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How to Attach a Cargo Carrier to a Roof Rack

Whether you're gearing up for the bike trails, hitting the ski slopes, or just packing for a long weekend, a cargo carrier is an excellent way to bring everything you need. And why not utilize all that empty space on top of your car?Of course, properly strapping down your load is crucial in making sure all your gear reaches its destination. We'll walk you through the process of attaching a cargo carrier below.
Roof Rack Cargo Carrier
*Note: Consult your vehicle's owner manual to confirm the weight carrying capacity of your roof prior to loading.
Watch Now: Using a Cargo Net

Step 1: Choose Your Cargo Carrier

There are a variety of cargo carrying options available, each with certain benefits and drawbacks. When choosing a carrier, keep in mind the size and amount of gear you want to carry, as well as whether or not you require the carrier to be weatherproof.
Roof Cargo Bag

Roof Bags

Roof bags enclose your gear and provide protection from the elements. Most include straps for mounting to a naked roof, roof basket, or roof rack crossbars. Roof bags are a more economical option than roof boxes and are easy to store when not in use. Unlike boxes, roof bags cannot be locked for additional security. Roof bags are also less aerodynamic than their sleeker basket and box counterparts. Lastly, although bags do provide some protection from the elements, they do not offer the same level of protection as the hard outer shell provided by roof boxes.
Roof Basket

Roof Baskets and Trays

Roof baskets and trays provide a stable surface for you to stack and strap down your gear. However, when used alone, baskets and trays are not weatherproof. If this is a feature you require, you'll also need a weatherproof bag (see below) to load into the basket/tray.
Roof Cargo Box

Roof Boxes

Roof boxes offer the best security and protection for your gear by keeping it enclosed and protected from the elements. Most also include locks to keep your belongings secure. On the other hand, boxes are the most expensive option and are harder to store due to their size. Unlike roof bags, roof boxes must attach to a roof rack and cannot be used with a naked roof.

Step 2: Strap Down Your Gear

The tie-down process differs slightly depending which carrier type you choose (basket/tray, box, or bag). Fortunately, the methods are all pretty simple! Just make sure to install your carrier on the roof before loading cargo into it—the carriers might be easier to fill on the ground, but they'll be heavy to lift.If you have trouble reaching the top of your roof to load/unload your gear, a wheel step or hitch step may help. One of our favorites is the Rightline Gear Moki Door Step.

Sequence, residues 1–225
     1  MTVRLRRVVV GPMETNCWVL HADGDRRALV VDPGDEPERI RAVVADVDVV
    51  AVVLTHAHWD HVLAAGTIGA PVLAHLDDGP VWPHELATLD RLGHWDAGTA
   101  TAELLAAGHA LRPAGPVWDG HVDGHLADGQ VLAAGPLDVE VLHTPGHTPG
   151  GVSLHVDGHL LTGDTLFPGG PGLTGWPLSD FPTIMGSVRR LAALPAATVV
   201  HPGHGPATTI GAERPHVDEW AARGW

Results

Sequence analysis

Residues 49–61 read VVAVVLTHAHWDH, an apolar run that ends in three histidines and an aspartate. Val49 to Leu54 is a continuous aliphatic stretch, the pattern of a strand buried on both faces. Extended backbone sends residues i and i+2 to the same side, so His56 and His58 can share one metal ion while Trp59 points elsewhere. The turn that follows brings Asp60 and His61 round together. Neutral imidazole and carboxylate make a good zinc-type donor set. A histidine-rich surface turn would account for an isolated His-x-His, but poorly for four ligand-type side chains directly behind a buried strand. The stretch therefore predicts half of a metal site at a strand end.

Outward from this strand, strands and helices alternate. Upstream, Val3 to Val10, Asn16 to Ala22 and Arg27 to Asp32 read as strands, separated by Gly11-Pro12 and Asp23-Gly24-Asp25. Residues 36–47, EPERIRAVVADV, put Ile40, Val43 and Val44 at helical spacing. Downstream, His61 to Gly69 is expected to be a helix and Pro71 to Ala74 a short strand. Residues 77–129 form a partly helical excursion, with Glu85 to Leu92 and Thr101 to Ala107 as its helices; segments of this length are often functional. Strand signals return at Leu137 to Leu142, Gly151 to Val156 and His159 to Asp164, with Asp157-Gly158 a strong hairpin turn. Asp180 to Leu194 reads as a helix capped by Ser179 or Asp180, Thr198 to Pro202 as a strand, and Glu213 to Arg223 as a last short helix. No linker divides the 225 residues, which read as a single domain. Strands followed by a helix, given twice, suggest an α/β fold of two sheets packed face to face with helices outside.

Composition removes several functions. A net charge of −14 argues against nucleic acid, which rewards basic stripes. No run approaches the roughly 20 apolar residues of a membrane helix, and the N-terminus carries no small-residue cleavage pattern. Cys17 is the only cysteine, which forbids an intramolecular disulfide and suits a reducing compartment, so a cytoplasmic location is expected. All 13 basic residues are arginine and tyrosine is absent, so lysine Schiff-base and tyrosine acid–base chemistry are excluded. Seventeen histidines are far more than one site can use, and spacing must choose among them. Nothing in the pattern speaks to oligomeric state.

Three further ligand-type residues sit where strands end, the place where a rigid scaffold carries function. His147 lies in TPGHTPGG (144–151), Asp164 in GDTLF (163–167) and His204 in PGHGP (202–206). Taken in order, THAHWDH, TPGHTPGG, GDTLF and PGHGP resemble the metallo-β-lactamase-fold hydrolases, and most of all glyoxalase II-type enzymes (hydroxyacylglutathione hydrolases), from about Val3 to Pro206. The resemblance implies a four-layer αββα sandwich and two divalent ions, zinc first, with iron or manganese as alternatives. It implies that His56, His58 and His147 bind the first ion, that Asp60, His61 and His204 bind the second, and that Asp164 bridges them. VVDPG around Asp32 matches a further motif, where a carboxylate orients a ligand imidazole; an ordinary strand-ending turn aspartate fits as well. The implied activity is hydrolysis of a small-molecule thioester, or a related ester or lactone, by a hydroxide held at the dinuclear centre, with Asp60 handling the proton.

Roof Baskets and Trays

Assuming your roof basket or tray is installed, begin by loading your belongings into it. Use tie-down straps or ratchet straps to secure your gear to the carrier. You can attach a strap to anchor points, as seen in the first image below. You can also wrap the straps beneath the crossbar on both sides of the vehicle and then tighten the strap buckles.
Bag on Roof Rack Tray
Strap connects to two anchor points on roof cargo tray
Luggage in Roof Rack Basket
Tie-down straps secure gear in roof basket
Tie-Down Straps Secure Cargo in Roof Rack Basket
Ratchet straps secure gear in roof basket
Tie-Down Straps Secure Cargo in Roof Rack Basket
Buckles are tightened and secured around cargo
A roof luggage rack net can also be used to help secure your belongings. However, note that it's often difficult to find a net suited to the exact size of your particular load, so a net alone won't likely hold your gear snugly in place. For this reason, you'll likely want to secure your belongings with straps first. Some cargo nets even include cargo straps.
Note: Choose a strap based on its safe working load limit (WLL). The weight of the secured cargo must not exceed the combined WLL of the straps being used. For example, if you are using straps with a WLL of 500 lbs each to tie down a 1,000-lb load, you need at least 2 straps to safely secure that load.To determine the maximum load, or break strength, of the strap, multiply the WLL by 3. The WLL is always one-third (1/3) of the maximum load. It is recommended that you always use straps in pairs.
To attach a cargo net, drape the net over your luggage on the roof basket or tray. Attach the net's hooks on the roof basket/tray.
Roof Rack Luggage Net
Connect Net Hooks to Roof Luggage Rack
Roof Rack Luggage Net

Roof Bags

Roof bags are available in multiple capacities. Some roof bags mount to roof racks or raised side rails, some mount to roof baskets, and others mount to naked roofs. Most include tie-down straps for attachment. Simply wrap each strap around a solid anchor point, thread the strap through the buckle, and pull until secure.Both water-resistant and waterproof bags are available.

Bags on Naked Roofs

Car clips allow you to mount bags to naked roofs.
Car clips mounting bags to naked roof
Roof bag strapped to naked roof
Bags in Baskets or on Roof RacksIncluded straps attach to the basket, roof rack, or raised side rails.
Cargo bag on roof rack basket
Cargo bag on raised side rails
Roof BoxesMount the roof box to your crossbars via the included attachment system. Open the cargo box lid, place your luggage inside, and close the lid. Many boxes include locks to secure your belongings.
Cargo Box on Roof Rack
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Written by: Amber S.Updated on: 6/28/19



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